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Multi-Theorem Preprocessing NIZKs from Lattices
Authors: Sam Kim, David J. WuAbstract:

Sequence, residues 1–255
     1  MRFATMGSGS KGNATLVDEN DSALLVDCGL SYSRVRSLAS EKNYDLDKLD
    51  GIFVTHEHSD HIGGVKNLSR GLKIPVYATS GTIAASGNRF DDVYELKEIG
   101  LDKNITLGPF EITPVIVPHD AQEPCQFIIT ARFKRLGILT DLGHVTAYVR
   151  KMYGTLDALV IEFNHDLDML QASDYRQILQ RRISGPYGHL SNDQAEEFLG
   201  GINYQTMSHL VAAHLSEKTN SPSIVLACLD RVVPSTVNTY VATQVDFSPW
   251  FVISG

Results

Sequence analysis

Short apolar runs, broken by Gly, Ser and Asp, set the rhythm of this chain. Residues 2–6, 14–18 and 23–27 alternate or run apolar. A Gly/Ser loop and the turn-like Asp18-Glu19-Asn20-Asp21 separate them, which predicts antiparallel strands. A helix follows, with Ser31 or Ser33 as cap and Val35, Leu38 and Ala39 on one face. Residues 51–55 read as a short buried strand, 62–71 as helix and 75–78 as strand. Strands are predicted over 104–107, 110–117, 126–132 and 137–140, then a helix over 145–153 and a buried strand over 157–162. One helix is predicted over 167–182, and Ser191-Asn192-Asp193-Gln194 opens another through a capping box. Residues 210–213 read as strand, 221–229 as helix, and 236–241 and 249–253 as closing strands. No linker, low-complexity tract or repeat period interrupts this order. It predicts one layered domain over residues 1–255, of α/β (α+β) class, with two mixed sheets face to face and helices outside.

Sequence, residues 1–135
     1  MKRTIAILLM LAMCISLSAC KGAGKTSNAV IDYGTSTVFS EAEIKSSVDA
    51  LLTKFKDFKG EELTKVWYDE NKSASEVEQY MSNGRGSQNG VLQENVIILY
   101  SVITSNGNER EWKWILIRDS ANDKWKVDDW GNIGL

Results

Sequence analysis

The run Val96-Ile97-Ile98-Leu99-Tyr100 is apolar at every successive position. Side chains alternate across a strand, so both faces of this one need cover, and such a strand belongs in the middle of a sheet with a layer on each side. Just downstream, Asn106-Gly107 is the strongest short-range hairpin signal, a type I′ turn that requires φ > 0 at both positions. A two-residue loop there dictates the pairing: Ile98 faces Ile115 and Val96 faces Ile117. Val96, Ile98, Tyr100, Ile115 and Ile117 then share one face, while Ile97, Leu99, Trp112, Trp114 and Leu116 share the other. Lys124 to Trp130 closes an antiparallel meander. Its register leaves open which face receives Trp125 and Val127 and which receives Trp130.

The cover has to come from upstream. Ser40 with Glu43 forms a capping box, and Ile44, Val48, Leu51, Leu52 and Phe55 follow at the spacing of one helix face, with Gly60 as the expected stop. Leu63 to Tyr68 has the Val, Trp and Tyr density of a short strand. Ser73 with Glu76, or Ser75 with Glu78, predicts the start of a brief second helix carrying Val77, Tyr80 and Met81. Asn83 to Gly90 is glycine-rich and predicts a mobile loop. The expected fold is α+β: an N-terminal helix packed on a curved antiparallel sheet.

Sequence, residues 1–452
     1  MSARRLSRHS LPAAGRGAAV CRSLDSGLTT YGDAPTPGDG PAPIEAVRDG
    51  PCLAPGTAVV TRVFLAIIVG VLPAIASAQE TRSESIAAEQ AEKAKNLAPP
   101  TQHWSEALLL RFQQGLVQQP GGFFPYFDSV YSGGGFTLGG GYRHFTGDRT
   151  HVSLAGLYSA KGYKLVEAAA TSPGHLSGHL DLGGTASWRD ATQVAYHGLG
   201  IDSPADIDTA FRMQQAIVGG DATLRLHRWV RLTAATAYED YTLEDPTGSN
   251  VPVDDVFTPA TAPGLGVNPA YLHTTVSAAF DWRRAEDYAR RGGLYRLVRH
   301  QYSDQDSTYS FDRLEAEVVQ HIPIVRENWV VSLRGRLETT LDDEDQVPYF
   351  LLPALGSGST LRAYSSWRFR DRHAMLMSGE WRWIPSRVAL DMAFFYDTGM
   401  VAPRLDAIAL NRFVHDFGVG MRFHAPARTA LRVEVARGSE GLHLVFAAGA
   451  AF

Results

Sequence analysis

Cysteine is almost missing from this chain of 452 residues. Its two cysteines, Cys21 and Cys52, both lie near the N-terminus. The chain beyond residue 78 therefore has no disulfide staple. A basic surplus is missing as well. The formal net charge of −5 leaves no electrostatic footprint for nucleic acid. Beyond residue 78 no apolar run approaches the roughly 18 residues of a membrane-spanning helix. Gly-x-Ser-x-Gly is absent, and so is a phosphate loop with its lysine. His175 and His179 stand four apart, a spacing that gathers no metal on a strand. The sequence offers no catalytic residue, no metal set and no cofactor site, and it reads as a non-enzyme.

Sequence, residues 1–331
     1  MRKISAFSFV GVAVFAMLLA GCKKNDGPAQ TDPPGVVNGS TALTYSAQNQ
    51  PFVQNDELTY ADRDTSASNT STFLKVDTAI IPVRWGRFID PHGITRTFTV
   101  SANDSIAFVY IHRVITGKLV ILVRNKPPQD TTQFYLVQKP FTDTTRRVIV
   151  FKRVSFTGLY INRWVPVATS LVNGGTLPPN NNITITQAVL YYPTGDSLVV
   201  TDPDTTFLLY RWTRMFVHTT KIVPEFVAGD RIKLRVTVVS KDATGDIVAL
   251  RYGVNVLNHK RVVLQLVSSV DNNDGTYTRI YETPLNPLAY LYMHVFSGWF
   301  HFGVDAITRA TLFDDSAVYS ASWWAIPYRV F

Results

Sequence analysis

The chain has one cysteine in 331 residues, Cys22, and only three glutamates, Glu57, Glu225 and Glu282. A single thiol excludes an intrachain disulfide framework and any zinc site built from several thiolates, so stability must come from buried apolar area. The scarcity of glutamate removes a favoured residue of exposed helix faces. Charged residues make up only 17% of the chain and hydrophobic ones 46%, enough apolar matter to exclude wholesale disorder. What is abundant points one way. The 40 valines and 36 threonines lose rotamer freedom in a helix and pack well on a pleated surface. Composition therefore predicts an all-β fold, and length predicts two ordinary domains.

Non-interactive zero-knowledge (NIZK) proofs are fundamental to modern cryptography. Numerous NIZK constructions are known in both the random oracle and the common reference string (CRS) models. In the CRS model, there exist constructions from several classes of cryptographic assumptions such as trapdoor permutations, pairings, and indistinguishability obfuscation. Notably absent from this list, however, are constructions from standard lattice assumptions. While there has been partial progress in realizing NIZKs from lattices for specific languages, constructing NIZK proofs (and arguments) for all of NP from standard lattice assumptions remains open. In this work, we make progress on this problem by giving the first construction of a multi-theorem NIZK for NP from standard lattice assumptions in the preprocessing model. In the preprocessing model, a (trusted) setup algorithm generates proving and verification keys. The proving key is needed to construct proofs and the verification key is needed to check proofs. In the multi-theorem setting, the proving and verification keys should be reusable for an unbounded number of theorems without compromising soundness or zero-knowledge. Existing constructions of NIZKs in the preprocessing model (or even the designated-verifier model) that rely on weaker assumptions like one-way functions or oblivious transfer are only secure in a single-theorem setting. Thus, constructing multi-theorem NIZKs in the preprocessing model does not seem to be inherently easier than constructing them in the CRS model. We begin by constructing a multi-theorem preprocessing NIZK directly from context-hiding homomorphic signatures. Then, we show how to efficiently implement the preprocessing step using a new cryptographic primitive called blind homomorphic signatures. This primitive may be of independent interest. Finally, we show how to leverage our new lattice-based preprocessing NIZKs to obtain new malicious-secure MPC protocols purely from standard lattice assumptions.
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